This is NOT 1993, as much as they would love to think so, and as many are clinging to right now. Note the resurgence of Newt, Dick Armey, Haly Barbour. Are you kidding?

Hey, I hope they continue along with their collective heads positioned where the sun don't shine! I'm just sayin'...

Posted by: bmckenzie46 | May 1, 2009 3:43 PM | Report abuse

Al Gore received 92% of the black vote in 2000. Bubba and Kerry also got over 90%.
Last I checked these are white men. Latinos and Asians are trending the same way.

The GOP only has itself to blame as it increasingly become an exclusively white southern party.

Posted by: sgtpepper23 | May 1, 2009 2:19 PM | Report abuse

http://www.youtube.com/watch?v=Kxtm5RF_6Ow

The numbers are up in part because Micael Connell was tied up in court on election day.

Posted by: rooster54 | May 1, 2009 1:35 PM | Report abuse

"The GOP sure hates these numbers"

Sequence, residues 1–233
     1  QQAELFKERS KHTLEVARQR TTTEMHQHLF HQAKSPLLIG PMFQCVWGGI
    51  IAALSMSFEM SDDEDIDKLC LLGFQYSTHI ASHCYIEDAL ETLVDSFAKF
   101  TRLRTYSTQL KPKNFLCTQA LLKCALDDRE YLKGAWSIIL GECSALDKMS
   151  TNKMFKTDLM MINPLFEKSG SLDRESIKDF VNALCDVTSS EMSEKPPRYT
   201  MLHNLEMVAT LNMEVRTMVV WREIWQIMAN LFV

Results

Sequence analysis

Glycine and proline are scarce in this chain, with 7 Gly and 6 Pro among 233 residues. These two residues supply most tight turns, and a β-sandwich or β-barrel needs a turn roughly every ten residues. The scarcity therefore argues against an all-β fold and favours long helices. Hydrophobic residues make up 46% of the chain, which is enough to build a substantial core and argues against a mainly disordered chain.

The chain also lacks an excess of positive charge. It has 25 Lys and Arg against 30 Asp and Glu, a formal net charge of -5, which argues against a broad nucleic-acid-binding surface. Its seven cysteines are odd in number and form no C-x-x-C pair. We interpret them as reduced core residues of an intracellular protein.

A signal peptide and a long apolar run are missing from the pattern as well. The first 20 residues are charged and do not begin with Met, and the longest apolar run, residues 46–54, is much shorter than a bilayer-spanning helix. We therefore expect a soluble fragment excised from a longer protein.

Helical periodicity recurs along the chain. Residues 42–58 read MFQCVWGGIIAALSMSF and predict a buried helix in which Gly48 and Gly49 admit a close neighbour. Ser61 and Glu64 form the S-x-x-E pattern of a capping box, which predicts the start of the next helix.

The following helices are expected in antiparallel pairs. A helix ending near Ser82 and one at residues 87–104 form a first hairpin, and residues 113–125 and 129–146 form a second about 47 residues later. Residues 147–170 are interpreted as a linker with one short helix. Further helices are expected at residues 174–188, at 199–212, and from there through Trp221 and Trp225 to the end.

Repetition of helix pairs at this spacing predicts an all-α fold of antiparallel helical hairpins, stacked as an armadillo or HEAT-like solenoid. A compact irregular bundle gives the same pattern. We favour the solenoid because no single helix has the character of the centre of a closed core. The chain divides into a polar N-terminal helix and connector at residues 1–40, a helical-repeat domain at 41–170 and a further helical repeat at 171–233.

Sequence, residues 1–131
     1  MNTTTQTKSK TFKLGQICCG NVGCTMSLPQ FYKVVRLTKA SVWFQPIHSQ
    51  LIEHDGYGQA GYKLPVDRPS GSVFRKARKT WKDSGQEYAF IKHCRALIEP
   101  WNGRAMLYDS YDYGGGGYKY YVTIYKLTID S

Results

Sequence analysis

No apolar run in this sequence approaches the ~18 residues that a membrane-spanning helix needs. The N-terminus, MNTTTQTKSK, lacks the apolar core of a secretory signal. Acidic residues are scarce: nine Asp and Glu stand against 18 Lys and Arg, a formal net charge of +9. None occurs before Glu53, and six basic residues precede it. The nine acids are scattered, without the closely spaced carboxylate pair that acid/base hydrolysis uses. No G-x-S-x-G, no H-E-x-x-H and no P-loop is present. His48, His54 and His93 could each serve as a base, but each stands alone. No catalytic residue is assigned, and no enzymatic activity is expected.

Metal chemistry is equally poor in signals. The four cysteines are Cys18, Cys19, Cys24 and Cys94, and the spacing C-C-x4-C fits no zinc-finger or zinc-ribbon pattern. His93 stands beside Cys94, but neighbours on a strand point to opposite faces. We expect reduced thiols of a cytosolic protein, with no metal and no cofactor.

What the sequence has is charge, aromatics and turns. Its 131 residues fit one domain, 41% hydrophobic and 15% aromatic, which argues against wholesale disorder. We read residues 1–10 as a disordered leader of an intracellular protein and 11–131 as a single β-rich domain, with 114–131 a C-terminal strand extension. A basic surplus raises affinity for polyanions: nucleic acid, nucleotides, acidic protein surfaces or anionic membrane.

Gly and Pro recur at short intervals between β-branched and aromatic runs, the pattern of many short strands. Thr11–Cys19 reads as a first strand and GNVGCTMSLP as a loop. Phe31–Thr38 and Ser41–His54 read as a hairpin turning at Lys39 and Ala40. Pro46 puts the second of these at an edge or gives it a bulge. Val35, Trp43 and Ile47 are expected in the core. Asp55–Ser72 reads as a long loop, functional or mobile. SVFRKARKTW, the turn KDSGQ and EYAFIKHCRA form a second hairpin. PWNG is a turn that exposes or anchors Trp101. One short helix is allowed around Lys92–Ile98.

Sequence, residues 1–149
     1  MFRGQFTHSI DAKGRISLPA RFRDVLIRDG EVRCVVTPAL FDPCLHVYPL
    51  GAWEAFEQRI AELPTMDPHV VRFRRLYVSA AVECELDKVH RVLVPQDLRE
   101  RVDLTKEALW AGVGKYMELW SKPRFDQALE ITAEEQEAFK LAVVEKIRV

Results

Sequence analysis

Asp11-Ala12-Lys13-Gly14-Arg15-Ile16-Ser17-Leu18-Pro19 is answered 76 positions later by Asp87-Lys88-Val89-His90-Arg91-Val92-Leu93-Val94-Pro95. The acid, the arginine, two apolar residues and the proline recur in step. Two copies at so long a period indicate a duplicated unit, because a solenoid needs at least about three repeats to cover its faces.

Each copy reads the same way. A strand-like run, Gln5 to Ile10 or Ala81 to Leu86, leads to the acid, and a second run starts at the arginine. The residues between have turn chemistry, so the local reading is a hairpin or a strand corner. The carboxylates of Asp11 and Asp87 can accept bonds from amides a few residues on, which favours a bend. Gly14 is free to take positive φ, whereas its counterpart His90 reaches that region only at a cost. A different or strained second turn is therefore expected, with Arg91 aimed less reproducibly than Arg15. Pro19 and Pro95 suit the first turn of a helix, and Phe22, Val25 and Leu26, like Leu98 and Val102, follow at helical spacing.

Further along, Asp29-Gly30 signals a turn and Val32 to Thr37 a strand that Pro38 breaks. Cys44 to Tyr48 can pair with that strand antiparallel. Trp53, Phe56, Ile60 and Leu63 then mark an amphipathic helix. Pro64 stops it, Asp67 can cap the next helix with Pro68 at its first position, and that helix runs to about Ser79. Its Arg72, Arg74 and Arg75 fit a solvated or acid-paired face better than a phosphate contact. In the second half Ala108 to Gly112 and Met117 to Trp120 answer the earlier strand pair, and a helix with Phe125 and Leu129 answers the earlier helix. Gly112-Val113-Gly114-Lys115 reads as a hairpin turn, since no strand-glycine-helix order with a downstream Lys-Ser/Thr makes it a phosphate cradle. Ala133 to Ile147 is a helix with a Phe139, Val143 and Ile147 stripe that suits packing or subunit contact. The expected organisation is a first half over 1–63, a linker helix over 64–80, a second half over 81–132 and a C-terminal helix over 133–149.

======================================
No, what we don't like is that it's OK for 97% of blacks to vote for BO and that's just fine but the mear fact that we disagree with his policies is somehow considered racist. Read these posts. We are accused of it everyday. The left is obsessed with the race issue, not the right.

Posted by: AkCoyote | May 1, 2009 10:49 AM | Report abuse

"The GOP sure hates these numbers"
======================================
No, what we don't like is that it's OK for 97% of blacks to vote for BO and that's just fine but the mear fact that we disagree with his policies is somehow considered racist. Read these posts. We are accused of it everyday. The left is onsessed with the race issue, not the right.

Posted by: AkCoyote | May 1, 2009 10:47 AM | Report abuse

Obama is expanding his base while the GOP folds up the Reagan "big tenet" in the name of "ideological purity." Guess that settles the next few elections...

http://www.political-buzz.com/

Posted by: parkerfl1 | April 30, 2009 10:13 PM | Report abuse

The GOP sure hates these numbers

Posted by: sgtpepper23 | April 30, 2009 8:02 PM | Report abuse